You’ve filed your Request for Hearing and now you’re playing the waiting game, wondering what to expect next in your Social Security disability claim.   Whether you’re in Maine, Massachusetts or New Hampshire, the wait can be a long one.  In part 1 of this blog entry we’ll fill you in as to what you can expect.  In part 2, we’ll make sure you understand soup to nuts what to expect on the day of your hearing.

First and foremost, it’s important to understand that whether you request a hearing following an initial denial letter out of New Hampshire, or a reconsideration denial out of Maine or Massachusetts, the hearing itself will not take place soon.  The likely wait for a hearing is in the neighborhood of what can be anywhere from 8 to 12 months with the Massachusetts and New Hampshire hearing offices (although some hearings out of the Portland, Maine hearing office are still taking up to 14 months).    Soon after you file your request for hearing (within ordinarily 2-4 weeks of filing your request for hearing) , you will receive a letter from Office of Disability Adjudication and Review (ODAR) acknowledging the hearing office’s receipt of your file.

The initial letter from the hearing office will inform you that you will be notified as to the time and place of your hearing at least 75 days in advance of the hearing. Likewise, the letter will explain to you that in some circumstances your case can be heard more quickly and efficiently by way of  videoteleconference or what is termed a VTC hearing.   Should you agree to proceed by way of VTC, this  will mean that your case will not be heard in person before an Administrative Law Judge (ALJ).  Instead, you will appear in front of a judge by way of a video camera, much in the same way that those charged with a crime and held in jail, might make a preliminary appearance before a judge for purposes of bail.     While this process may be an expeditious one for the Social Security Administration’s  (SSA’s) purpose, as they can assign and schedule cases before judges that are in other parts of the country that might not be as busy and can hear the case more quickly, this process is quite impersonal as you can well imagine.  This is not to mention the fact that if your attorney is being asked to prepare before a judge with whom he has no familiarity, this may put your attorney and you at a disadvantage.   You will be provided with only twenty (20) days to Object to Proceeding by way of VTC and so you do not want to miss this deadline.  Our office always objects.  Continue reading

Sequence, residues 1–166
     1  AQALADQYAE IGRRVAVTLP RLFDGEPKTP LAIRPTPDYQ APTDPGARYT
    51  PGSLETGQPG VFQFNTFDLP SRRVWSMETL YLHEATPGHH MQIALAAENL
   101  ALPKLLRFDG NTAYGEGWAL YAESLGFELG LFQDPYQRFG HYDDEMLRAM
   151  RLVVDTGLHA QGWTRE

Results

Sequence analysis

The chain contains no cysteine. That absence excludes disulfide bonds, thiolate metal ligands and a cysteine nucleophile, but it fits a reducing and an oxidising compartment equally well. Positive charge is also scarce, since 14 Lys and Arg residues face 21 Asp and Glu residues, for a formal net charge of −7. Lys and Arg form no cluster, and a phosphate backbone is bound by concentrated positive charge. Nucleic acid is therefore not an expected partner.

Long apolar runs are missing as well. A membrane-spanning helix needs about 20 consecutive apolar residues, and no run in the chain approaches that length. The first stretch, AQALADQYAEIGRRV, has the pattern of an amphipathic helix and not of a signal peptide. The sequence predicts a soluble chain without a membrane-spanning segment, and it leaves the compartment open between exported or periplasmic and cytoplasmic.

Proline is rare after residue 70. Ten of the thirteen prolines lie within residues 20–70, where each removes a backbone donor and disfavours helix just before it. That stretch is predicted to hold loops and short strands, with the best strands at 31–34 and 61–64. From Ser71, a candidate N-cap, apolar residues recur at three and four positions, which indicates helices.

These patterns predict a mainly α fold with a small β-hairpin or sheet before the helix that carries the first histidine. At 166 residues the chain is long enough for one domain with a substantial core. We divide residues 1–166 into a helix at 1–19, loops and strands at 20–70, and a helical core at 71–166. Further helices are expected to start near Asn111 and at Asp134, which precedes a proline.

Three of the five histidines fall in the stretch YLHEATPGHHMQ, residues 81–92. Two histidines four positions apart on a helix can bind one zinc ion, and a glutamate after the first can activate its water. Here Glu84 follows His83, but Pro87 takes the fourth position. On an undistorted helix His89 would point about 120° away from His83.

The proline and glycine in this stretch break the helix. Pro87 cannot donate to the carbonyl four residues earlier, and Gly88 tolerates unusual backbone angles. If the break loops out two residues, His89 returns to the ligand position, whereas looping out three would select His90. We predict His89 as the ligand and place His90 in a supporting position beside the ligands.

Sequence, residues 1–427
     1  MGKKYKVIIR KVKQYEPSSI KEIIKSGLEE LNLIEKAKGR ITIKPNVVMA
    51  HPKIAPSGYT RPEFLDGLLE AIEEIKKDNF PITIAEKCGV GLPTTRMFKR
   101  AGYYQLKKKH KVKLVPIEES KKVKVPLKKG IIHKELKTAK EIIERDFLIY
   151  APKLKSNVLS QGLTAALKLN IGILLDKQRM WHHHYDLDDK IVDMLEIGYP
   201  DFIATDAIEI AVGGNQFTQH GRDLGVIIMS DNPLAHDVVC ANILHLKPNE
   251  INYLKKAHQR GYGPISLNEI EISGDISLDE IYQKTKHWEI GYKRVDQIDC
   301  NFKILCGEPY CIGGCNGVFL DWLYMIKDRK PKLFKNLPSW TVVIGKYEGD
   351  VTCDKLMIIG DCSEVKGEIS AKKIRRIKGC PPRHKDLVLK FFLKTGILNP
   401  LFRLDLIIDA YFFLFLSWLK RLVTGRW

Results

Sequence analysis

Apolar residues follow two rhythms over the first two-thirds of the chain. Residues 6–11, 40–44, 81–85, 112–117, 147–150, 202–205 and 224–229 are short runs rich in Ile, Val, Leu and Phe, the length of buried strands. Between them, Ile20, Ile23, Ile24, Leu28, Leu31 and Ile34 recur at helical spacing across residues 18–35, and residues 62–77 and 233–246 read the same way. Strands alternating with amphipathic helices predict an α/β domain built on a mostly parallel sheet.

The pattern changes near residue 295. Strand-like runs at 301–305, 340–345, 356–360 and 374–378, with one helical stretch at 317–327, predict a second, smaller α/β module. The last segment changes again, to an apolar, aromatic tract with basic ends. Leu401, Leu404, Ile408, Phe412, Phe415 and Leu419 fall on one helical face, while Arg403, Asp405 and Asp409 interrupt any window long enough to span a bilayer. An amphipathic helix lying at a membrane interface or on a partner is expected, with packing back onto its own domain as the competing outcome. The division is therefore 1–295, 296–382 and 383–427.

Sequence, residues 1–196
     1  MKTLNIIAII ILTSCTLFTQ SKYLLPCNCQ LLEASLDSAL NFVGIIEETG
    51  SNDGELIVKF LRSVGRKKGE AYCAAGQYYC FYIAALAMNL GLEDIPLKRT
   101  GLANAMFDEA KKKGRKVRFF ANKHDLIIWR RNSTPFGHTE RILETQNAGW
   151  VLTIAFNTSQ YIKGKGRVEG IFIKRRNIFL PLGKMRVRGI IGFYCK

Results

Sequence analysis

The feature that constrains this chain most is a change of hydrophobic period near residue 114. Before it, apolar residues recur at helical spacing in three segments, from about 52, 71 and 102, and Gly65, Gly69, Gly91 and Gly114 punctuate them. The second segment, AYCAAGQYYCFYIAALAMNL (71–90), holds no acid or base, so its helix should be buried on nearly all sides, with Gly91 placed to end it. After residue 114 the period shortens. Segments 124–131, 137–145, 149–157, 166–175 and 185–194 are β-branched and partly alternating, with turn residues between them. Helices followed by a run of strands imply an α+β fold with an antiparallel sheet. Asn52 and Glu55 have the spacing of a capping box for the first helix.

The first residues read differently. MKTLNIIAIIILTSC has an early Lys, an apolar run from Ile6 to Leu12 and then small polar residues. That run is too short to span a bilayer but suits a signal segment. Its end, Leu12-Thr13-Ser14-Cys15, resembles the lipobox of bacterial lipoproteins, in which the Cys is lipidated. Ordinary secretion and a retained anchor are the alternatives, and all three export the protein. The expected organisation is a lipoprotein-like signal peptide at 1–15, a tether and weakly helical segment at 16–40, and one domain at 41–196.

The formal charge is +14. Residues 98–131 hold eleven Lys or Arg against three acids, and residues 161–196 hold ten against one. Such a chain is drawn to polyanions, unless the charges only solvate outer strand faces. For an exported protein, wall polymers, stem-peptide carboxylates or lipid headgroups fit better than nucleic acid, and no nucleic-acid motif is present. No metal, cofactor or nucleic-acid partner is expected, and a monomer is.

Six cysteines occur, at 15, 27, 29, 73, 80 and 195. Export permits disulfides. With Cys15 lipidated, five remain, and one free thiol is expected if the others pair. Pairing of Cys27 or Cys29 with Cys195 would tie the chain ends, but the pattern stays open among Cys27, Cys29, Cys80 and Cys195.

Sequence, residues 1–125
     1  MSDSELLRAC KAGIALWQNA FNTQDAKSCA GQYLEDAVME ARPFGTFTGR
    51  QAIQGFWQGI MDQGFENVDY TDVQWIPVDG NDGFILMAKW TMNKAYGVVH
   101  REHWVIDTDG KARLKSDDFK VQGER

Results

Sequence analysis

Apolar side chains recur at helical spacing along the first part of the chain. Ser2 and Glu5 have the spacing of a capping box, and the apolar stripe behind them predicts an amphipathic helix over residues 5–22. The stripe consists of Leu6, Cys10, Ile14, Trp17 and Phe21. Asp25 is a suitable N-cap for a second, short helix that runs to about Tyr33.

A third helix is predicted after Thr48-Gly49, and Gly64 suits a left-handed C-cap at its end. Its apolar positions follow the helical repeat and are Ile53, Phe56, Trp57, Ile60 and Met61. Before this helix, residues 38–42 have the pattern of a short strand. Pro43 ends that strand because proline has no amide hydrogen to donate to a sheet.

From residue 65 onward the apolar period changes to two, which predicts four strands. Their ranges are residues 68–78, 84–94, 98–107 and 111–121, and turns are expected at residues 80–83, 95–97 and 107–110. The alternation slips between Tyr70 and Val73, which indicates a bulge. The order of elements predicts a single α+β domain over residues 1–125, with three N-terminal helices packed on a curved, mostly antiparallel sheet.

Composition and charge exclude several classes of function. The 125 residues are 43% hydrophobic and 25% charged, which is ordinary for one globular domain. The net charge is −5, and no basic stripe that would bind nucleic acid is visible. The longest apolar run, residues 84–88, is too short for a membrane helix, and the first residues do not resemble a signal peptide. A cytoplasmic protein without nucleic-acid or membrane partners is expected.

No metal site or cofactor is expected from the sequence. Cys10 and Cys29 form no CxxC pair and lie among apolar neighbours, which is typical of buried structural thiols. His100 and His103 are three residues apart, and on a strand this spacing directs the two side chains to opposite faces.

One of the most typical misunderstood requirements for purposes of establishing a Social Security Disability claim is the duration requirement.  The Social Security Act and its corresponding regulations require that one prove they are suffering from a severe medical impairment that has lasted or or expected to last 12 months or longer, or result in death.   This provision has been interpreted quite strictly, and for anybody who is considering an application for Social Security disability benefits, it’s important to pay heed to this rule or a denial is very likely to follow.

The Social Security Act defines a “disability” as the “inability to engage in any substantial gainful activity by reason of any medically determinable physical or mental impairment which can be expected to result in death or which has lasted or can be expected to last for a continuous period of not less than 12 months.”   42 U.S.C. §(d)(1)(A).    It is important to recognize that the language of the statute is meant to exclude from entitlement conditions those conditions which are of shorter term duration, and which will allow one to return to work within a matter of months.  For example, while having back surgery (even a multilevel fusion) may constitute a severe impairment which will cause one to be out of work for a stretch of time, most such surgeries would not anticipate a recovery time of a year or longer.